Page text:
Burke-Gilman: Good for Business?
The Burke-Gilman Missing Link has returned to the news over the last few weeks after several injured bicyclists filed a lawsuit against the City of Seattle. Ironically, the city wants to fix the area and make it safer but has been hampered from doing so by another lawsuit from the Ballard Chamber of Commerce, Salmon Bay Sand & Gravel, Ballard Oil and the BINMIC Action Fund. The next chapter of the Missing Link story begins Friday, March 5 in King County Superior Court.
You may have signed our petition to get the appellants to drop their case, but unfortunately that has not occurred. The appellants have filed a flurry of legal briefs that make the same tired arguments about bike trails being incompatible with industrial areas. In further irony, Salmon Bay is bankrolling the lawsuit, but chose to locate a facility where it stores its signature white and orange-striped trucks directly adjacent to the trail at Kvichak marina.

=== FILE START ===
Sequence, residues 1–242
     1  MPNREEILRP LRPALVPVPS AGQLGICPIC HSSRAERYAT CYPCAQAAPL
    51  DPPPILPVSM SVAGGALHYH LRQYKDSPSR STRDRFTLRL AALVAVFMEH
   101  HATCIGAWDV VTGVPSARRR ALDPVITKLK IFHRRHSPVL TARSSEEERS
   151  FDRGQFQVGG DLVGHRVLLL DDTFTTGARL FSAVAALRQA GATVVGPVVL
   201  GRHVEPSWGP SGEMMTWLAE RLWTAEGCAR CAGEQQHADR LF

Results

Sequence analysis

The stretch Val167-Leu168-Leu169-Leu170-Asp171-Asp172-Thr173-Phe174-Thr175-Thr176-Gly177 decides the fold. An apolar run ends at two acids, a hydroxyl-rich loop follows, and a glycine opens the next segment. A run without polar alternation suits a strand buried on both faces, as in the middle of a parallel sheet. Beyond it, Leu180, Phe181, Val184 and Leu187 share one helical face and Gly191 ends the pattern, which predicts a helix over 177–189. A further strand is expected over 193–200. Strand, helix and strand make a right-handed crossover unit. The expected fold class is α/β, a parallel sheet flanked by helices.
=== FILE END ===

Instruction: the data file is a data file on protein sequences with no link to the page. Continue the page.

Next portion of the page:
As one rides or walks from Ballard to Fremont along the trail, there are numerous places where trucks, bicyclists and pedestrians interact near industrial facilities. There is even an asphalt plant with its tall profile next to the Ship Canal. City Dept. of Transportation trucks can regularly be seen pulling in and out. This plant is operated by Lakeside Industries (great photo on this blog), a family-owned local business that has won awards for its commitments to safety and the environment. Lakeside also donated 40 acres of land near the Sammamish River Trail to Woodinville, doubling the amount of open space there.
Contrast this with Salmon Bay, which was recently fined $12,000 for environmental violations.